Date 6 August 2012
In a speech to the Employers and Manufacturers Association in Auckland, Dr Bollard said governments, firms, farmers and households across many parts of the advanced world took on large amounts of debt in the last couple of decades. He noted that rapid increases in indebtedness have often foreshadowed a difficult period for the economy.
Fortunately, New Zealand avoided the sort of costly systemic financial crisis that a growing number of other countries faced, and while government debt had increased substantially it remained low by international standards.
“But it is fair to note that we have suspected for a long time that New Zealand’s private and external debts were too high to be sustained,” Dr Bollard said.
The accumulation of debt owed by individual firms and households, and borrowers disappointed that incomes and asset prices have not gone on rising as they expected are “clearly playing some role in the low rates of growth New Zealand has seen in productivity and GDP,” Dr Bollard said.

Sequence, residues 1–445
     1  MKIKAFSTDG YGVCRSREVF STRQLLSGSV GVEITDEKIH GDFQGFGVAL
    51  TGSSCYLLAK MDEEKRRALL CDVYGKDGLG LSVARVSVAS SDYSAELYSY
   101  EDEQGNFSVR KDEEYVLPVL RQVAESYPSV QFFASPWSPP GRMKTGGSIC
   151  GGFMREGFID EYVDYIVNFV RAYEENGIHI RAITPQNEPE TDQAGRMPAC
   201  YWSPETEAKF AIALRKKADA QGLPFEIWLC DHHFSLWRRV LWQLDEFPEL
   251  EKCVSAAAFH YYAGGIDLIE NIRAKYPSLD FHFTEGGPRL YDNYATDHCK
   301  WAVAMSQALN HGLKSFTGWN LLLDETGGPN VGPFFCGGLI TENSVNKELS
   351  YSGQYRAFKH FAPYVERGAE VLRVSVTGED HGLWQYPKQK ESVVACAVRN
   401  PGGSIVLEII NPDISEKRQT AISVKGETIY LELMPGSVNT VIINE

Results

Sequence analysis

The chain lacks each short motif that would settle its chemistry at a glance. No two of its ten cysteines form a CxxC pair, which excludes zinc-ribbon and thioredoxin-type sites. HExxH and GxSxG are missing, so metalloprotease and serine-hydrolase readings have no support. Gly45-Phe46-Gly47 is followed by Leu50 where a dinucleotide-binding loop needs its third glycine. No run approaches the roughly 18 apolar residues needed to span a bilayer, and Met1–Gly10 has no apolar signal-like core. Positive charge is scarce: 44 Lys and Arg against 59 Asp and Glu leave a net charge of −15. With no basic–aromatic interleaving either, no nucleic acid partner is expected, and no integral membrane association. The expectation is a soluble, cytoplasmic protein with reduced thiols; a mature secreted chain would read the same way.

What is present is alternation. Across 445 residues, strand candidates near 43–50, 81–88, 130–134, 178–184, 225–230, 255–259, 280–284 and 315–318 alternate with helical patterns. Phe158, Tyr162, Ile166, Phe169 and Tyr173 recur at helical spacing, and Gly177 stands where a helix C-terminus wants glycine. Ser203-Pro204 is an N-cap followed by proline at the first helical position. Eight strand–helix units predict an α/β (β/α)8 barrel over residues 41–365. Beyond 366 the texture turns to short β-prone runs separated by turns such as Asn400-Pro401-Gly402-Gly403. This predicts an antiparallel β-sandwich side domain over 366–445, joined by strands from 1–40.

Private sector deleveraging is under way, but Dr Bollard said it is a slow, gradual process.
“In a single country facing weak domestic demand, resources can switch relatively readily into sectors more reliant on external demand. But it is hard for that to happen in a large chunk of the advanced world all at the same time,” Dr Bollard said.
“As yet, not much of the expected rebalancing of the economy, particularly towards exports, seems to have happened – perhaps this should not be too surprising in view of the persistently high real exchange rate, itself partly influenced by the adverse international climate.”
“Even at an aggregate economy level it looks as though we could be dealing with the aftermath for quite some time yet.”
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